Go

Go, create a Unicode random string generator.


One of the great things about the Go standard library is how easy it is to create a sophisticated tool using a small amount of code. In this entry, I will explain how to make a variable-length random string generator that can support any Unicode character.

You can find the final result on Github or run it at Go Playground.

First, we create a constant containing a collection of Unicode characters that will be used by the randomiser.

const random string = "🥺😂🥰😊😍😊😝🤗abcdefghijklmnopqrstuvwxyzABCDEFGHIJKLMNOPQRSTUVWXYZ0987654321 .!?"

The function will require int argument for the length of the returned string and a returned error.

// randString generates a random string of n x characters.
func randString(n int) (string, error) {
	return "", nil
}

The s rune slice will contain and return the random characters as a string. Using make we pre-allocate the total number of returned runes (Unicode characters).

s := make([]rune, n)

Convert the random const into a rune array.

r := []rune(random)

Declare the variables.

// randString generates a random string of n x characters.
func randString(n int) (string, error) {
	s, r := make([]rune, n), []rune(random)
	return "", nil
}

We now loop over the empty rune slice where its index position is the i variable.

// randString generates a random string of n x characters.
func randString(n int) (string, error) {
	s, r := make([]rune, n), []rune(random)
	for i := range s {}
	return "", nil
}

In each loop iteration, generate a new random big integer using Prime from the crypto/rand library. The library will satisfy any security concerns with gosec or other linters.

// randString generates a random string of n x characters.
func randString(n int) (string, error) {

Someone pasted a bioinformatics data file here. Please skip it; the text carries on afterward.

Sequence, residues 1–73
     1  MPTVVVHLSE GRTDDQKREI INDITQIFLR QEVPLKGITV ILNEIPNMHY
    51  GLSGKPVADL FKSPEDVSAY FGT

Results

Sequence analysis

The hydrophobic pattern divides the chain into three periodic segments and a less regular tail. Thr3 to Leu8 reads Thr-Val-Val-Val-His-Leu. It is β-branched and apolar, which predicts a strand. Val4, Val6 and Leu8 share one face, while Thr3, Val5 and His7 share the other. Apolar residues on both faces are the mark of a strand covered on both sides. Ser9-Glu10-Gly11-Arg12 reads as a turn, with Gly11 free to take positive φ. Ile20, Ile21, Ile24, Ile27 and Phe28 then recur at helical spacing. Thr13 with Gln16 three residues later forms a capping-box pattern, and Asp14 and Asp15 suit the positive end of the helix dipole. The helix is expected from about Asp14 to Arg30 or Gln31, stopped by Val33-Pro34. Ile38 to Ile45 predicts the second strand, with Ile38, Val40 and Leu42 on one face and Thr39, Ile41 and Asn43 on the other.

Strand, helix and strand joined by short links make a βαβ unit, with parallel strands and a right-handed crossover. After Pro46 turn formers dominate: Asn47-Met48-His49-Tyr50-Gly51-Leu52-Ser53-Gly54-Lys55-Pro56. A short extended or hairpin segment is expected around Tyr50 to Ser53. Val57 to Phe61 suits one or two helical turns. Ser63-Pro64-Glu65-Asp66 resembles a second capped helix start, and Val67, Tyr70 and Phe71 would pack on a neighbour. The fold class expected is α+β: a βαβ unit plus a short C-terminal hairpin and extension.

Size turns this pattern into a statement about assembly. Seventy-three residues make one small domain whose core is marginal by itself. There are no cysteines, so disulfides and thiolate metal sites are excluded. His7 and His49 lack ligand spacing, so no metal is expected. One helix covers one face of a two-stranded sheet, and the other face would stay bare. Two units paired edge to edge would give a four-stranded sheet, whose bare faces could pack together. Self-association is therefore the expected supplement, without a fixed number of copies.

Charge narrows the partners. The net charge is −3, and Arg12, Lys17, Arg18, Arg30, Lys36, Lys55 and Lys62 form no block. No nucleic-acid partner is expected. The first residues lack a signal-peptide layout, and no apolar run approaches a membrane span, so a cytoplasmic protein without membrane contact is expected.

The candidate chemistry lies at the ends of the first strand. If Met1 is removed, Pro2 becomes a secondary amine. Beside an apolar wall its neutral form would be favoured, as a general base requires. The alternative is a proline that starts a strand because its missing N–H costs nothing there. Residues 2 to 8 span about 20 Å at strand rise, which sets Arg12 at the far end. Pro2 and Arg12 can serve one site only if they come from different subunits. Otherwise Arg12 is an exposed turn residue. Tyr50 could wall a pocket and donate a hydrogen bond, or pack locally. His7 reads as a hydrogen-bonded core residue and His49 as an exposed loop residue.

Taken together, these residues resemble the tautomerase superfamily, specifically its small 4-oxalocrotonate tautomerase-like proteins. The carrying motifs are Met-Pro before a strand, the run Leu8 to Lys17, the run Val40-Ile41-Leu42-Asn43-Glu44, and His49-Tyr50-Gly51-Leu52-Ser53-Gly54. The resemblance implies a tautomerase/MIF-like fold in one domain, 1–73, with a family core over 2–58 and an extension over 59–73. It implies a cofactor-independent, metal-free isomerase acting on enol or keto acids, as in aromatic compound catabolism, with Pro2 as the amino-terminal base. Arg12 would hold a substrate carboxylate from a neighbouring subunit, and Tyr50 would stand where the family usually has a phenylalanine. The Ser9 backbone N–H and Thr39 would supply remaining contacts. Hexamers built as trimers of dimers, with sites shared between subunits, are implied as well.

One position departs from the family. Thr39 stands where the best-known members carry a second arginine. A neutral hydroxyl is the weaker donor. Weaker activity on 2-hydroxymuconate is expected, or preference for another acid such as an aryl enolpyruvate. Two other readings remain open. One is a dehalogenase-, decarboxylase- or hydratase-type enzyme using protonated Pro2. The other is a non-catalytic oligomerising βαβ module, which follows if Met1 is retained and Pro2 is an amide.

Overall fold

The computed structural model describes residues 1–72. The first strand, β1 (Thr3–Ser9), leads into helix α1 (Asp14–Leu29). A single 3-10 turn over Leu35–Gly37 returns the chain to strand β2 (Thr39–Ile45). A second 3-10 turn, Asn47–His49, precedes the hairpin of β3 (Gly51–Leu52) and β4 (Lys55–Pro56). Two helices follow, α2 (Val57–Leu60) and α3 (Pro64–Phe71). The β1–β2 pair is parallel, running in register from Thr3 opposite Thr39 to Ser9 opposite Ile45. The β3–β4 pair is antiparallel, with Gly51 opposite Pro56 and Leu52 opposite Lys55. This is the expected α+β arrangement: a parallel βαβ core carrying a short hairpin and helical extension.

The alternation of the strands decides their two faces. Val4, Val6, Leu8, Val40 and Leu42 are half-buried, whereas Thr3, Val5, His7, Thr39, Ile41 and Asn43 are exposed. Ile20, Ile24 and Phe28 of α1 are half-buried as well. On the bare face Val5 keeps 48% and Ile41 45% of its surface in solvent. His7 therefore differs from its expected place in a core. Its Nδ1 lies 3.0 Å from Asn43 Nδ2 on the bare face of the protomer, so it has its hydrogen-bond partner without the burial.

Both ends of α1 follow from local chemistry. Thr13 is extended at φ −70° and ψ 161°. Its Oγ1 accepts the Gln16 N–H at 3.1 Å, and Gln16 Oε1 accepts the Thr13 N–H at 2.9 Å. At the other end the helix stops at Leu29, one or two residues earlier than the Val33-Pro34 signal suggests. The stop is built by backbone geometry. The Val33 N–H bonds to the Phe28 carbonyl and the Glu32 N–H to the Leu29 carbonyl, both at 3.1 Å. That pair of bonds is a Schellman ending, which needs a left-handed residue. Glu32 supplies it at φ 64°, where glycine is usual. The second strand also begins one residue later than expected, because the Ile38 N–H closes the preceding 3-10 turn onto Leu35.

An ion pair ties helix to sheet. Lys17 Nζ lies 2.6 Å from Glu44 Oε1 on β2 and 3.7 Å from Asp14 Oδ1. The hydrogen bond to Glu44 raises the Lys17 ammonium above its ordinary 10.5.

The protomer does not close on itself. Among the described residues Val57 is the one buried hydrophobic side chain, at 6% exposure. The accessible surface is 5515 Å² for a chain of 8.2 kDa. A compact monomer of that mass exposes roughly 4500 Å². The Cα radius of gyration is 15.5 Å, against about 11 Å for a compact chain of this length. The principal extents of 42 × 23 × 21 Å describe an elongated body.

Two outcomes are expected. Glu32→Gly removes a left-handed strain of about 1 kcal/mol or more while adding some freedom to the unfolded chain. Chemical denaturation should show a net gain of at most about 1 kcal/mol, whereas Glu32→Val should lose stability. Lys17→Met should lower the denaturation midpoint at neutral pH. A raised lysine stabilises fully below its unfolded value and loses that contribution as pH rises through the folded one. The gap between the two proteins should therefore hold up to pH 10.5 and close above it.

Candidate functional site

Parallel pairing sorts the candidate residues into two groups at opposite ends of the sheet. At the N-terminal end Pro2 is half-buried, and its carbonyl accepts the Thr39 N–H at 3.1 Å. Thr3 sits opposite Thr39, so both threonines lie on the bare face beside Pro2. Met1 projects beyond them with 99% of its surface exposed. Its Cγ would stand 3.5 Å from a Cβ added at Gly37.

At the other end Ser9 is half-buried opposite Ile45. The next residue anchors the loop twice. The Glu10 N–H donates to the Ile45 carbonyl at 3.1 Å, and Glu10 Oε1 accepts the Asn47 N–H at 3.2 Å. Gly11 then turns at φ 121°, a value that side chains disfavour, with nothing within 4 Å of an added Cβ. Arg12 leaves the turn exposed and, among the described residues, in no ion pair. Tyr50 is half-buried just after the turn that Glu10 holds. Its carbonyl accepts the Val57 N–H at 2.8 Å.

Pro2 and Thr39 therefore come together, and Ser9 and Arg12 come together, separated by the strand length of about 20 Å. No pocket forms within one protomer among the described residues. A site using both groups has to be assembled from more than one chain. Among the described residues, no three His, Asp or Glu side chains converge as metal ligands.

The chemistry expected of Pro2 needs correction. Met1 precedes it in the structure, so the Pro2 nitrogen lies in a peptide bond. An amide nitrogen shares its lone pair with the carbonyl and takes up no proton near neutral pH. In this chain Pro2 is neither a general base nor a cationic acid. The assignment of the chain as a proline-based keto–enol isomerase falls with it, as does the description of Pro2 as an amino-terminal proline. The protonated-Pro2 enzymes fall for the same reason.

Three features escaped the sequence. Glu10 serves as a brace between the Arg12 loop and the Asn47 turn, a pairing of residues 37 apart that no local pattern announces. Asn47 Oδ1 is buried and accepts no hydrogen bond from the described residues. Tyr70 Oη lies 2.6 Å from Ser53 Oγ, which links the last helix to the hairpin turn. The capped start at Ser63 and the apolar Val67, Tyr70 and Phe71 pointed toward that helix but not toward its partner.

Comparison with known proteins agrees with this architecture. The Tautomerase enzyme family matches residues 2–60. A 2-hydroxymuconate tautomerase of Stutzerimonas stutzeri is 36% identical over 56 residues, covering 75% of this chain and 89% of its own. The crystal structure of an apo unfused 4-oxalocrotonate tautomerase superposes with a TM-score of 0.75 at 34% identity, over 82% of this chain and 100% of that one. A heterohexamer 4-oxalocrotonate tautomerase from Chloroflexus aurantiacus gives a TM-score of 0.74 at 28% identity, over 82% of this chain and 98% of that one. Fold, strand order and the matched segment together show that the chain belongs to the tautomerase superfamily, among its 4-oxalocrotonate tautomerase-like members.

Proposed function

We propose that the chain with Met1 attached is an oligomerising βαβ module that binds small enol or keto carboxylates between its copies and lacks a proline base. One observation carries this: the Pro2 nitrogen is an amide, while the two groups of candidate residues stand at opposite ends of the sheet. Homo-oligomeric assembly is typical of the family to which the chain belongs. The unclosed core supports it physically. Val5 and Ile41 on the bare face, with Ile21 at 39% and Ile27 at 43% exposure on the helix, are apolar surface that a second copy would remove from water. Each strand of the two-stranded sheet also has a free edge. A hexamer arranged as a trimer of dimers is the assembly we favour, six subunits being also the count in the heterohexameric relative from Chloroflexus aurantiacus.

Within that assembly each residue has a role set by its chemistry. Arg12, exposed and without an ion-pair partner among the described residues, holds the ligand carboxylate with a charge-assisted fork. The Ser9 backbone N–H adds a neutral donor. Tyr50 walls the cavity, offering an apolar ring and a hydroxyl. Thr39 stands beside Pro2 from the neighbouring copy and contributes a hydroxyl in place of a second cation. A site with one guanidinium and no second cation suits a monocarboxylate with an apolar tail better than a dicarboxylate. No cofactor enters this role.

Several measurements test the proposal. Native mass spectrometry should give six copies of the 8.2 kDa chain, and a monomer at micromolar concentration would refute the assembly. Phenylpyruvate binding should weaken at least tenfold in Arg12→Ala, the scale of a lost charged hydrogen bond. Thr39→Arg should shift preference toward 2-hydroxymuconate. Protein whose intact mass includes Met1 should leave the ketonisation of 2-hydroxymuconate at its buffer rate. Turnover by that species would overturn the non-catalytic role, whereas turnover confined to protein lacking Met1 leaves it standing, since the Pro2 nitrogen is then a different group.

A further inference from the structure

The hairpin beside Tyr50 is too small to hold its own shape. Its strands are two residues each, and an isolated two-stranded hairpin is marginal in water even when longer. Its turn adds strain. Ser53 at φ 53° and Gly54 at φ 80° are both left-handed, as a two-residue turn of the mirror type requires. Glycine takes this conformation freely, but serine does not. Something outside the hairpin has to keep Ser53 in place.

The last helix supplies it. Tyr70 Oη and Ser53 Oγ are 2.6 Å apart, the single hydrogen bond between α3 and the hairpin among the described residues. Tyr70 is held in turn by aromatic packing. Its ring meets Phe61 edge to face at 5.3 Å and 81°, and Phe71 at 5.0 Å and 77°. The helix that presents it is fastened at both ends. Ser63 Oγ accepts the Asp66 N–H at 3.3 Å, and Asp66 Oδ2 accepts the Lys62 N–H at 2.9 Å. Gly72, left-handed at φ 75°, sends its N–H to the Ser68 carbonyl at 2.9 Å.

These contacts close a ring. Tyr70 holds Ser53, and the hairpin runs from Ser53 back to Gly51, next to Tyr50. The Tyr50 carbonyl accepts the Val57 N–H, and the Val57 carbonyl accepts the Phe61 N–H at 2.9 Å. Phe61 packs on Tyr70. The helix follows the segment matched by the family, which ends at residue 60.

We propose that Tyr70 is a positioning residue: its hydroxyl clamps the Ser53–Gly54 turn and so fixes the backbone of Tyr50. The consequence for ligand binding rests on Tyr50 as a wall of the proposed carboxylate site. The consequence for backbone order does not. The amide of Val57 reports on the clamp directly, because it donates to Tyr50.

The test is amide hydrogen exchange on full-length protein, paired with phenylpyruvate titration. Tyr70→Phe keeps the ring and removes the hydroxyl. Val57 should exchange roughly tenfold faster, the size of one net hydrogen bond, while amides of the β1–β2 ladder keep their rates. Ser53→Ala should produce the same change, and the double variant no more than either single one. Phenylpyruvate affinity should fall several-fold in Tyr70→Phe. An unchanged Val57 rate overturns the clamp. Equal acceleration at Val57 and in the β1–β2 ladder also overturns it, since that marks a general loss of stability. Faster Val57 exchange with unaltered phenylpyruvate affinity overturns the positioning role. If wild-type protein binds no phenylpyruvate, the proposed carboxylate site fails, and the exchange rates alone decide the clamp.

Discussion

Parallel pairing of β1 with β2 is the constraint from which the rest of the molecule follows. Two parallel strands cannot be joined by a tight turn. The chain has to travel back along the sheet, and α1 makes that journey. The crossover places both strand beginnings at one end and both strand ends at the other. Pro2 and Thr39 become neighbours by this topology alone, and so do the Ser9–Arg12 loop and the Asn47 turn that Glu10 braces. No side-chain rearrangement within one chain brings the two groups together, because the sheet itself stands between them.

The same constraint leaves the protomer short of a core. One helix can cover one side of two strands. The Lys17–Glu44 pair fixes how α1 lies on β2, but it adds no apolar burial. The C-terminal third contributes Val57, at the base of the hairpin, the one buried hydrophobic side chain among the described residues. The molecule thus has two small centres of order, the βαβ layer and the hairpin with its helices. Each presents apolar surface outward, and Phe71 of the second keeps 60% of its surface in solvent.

s, r := make([]rune, n), []rune(random)
	for i := range s {
		p, err := rand.Prime(rand.Reader, len(r))
		if err != nil {
			return "", fmt.Errorf("random string n %d: %w", n, err)
		}
	}
	return "", nil
}

Convert the randomly generated big integer into an unsigned 64-bit integer and save it to x.

x := p.Uint64()

Count the number of random characters and save the result as an unsigned 64-bit integer.

y := uint64(len(r))

Using the modulo operator %, we find the remainder of x / y and use that value as the index to fetch a random character from our slice of characters. The fetched character gets appended to our return string until the loop finishes.

// randString generates a random string of n x characters.
func randString(n int) (string, error) {
	s, r := make([]rune, n), []rune(random)
	for i := range s {
		p, err := rand.Prime(rand.Reader, len(r))
		if err != nil {
			return "", fmt.Errorf("random string n %d: %w", n, err)
		}
		x, y := p.Uint64(), uint64(len(r))
		s[i] = r[x%y]
	}
	return "", nil
}

If you want to visualise the process, then printf the variable results within the loop and run it in Go Playground.

fmt.Printf("x: %d y: %d\tx %% y = %d\trandom[%d] = %q\n", x, y, x%y, x%y, string(r[x%y]))

Otherwise, we now have a functional string randomiser.

# 1st go.
p😂H🤗😊JL7😊J9zPD9LFPTB

# 2nd go.
XZff1tzV😂Vx😊bPbvhpV😊

# 3rd go.
fn😂vbF5.FN3XZ😊5Vb😂Z.

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